The aims of this paper is to present some perspectives on how to translate prescription data to periods of drug use, and to introduce critical elements that should be considered when constructing drug use periods from prescription register data.

Material and methods

Data source

The examples in this paper derive from the MEDALZ-2005 cohort prescription data, which included all community-dwelling persons with a verified diagnosis of Alzheimer’s disease residing in Finland on 31 December 2005 (n =28,093) [12] . Persons with Alzheimer’s disease have been identified from special reimbursement register. This register includes data on entitlement to special reimbursement due to several chronic diseases (including Alzheimer’s disease, asthma and diabetes) that have been diagnosed by a physician. Data of MEDALZ-2005 cohort has been linked to several nationwide registers including prescription register, special reimbursement register, hospital discharge register (Hilmo) and register of care at social institutions. Altogether 3,828,292 prescriptions were claimed between 1 January 2002 and 31 December 2009 (on average 136 prescriptions per person). In Finland, drugs may be dispensed for a maximum of three months’ treatment period at a time. The Finnish Prescription Register does not cover non-reimbursable drugs, over-the-counter drugs or drugs used in hospitals and nursing homes.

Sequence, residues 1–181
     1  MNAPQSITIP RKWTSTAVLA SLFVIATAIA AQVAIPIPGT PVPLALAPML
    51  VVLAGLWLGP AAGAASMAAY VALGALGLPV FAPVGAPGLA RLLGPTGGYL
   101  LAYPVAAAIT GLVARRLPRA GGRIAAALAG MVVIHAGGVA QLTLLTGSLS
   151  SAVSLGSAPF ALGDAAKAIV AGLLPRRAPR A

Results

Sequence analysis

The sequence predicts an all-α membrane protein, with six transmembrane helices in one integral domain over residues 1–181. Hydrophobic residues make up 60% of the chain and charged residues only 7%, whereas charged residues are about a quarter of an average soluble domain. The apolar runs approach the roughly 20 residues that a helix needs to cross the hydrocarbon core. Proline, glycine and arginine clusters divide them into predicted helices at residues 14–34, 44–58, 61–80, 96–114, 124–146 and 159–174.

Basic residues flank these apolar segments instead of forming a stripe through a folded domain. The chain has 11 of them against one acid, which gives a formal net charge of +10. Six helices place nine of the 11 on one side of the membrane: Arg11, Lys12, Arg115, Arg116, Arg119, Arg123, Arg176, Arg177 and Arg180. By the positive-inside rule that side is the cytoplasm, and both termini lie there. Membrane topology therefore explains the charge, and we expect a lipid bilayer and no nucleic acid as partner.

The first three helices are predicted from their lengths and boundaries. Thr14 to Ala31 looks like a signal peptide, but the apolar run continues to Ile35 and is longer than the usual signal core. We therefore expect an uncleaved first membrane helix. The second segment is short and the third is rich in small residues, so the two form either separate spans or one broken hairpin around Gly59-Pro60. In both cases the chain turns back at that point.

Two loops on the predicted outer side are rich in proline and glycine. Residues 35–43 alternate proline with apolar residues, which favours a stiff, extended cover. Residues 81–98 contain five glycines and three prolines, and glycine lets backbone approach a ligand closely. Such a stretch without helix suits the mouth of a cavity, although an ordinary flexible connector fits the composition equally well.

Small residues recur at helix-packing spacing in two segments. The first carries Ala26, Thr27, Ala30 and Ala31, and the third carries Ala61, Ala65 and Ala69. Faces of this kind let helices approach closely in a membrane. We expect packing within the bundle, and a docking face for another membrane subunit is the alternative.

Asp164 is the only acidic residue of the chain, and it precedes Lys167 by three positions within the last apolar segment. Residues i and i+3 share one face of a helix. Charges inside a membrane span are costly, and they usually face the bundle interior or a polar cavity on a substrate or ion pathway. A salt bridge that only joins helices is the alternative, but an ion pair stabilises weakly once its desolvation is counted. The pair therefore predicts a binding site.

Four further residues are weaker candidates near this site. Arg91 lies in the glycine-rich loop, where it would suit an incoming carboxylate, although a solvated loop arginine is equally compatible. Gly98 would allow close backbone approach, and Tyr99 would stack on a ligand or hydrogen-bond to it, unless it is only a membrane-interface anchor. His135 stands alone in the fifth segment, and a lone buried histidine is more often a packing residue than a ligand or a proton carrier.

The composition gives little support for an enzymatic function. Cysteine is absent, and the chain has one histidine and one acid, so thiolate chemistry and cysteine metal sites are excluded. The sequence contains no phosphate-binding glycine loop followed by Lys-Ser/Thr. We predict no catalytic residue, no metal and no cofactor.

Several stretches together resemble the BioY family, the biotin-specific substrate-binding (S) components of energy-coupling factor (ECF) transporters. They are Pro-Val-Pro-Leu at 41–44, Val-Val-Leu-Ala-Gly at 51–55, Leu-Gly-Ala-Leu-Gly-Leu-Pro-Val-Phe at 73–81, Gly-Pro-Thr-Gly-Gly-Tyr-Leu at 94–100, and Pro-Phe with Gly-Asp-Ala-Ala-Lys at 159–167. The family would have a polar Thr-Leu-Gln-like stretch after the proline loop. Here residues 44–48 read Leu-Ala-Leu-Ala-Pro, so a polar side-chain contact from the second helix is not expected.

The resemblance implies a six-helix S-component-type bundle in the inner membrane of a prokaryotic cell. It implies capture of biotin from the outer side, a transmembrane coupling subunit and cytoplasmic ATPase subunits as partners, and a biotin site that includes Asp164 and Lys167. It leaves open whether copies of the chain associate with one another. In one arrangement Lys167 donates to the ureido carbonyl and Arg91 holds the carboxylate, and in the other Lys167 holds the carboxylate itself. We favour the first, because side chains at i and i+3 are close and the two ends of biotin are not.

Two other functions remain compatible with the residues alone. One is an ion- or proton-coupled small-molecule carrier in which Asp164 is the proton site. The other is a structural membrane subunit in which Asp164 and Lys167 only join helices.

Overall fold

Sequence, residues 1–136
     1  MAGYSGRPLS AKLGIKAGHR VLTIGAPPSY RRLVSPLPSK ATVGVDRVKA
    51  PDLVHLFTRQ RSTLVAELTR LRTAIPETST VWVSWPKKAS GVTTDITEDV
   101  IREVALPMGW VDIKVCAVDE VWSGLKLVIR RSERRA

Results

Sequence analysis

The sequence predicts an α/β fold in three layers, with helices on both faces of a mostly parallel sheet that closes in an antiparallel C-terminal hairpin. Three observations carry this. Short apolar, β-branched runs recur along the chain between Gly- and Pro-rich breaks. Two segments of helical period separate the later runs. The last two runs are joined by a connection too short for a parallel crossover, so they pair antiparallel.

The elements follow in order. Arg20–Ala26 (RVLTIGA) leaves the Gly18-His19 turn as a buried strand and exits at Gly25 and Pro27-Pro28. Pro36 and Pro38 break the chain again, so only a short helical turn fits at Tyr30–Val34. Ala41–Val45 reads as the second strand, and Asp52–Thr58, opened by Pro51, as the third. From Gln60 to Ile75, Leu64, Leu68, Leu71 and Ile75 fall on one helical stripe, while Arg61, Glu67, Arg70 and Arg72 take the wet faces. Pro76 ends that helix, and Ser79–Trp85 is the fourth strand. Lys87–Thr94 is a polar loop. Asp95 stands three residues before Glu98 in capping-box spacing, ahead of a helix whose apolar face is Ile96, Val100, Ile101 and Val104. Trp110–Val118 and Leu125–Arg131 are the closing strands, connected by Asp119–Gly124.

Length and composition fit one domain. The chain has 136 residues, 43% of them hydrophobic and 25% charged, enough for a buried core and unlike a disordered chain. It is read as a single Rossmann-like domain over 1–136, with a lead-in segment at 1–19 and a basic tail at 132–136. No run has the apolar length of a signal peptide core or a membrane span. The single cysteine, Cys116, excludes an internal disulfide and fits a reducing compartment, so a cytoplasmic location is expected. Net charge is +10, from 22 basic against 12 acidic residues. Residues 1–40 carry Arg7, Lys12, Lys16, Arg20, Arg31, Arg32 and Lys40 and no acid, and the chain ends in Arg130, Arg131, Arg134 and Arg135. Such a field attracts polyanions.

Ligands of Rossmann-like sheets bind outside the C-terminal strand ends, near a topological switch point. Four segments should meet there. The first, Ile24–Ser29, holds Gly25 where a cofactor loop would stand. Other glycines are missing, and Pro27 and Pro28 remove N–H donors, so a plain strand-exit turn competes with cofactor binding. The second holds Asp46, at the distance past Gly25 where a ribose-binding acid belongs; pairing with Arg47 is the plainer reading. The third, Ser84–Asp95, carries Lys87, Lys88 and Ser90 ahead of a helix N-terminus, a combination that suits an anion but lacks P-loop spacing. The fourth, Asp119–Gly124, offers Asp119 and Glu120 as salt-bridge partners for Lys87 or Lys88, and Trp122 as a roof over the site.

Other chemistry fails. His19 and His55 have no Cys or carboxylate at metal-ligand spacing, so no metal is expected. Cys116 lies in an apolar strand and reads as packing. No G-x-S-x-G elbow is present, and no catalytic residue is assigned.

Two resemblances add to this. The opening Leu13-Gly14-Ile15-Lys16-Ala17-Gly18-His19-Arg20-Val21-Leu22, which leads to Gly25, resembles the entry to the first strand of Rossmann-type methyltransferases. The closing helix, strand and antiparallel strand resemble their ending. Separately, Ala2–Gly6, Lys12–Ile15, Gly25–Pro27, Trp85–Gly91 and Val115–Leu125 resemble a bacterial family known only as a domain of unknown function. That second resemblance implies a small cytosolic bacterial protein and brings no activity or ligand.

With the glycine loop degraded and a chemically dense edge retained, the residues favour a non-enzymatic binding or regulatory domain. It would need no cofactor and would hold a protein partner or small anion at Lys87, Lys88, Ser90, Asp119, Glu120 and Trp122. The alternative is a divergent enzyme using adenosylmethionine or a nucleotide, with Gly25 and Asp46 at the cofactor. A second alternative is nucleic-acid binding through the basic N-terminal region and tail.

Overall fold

DDD per day values were calculated by sliding temporal averages to smoothen variations in purchase histories. This approach takes into account potential changes in the patient’s personal drug stock at the time of the next prescription purchase. For each purchase, a sliding temporal average for dose (DDDAVGi) was calculated as follows: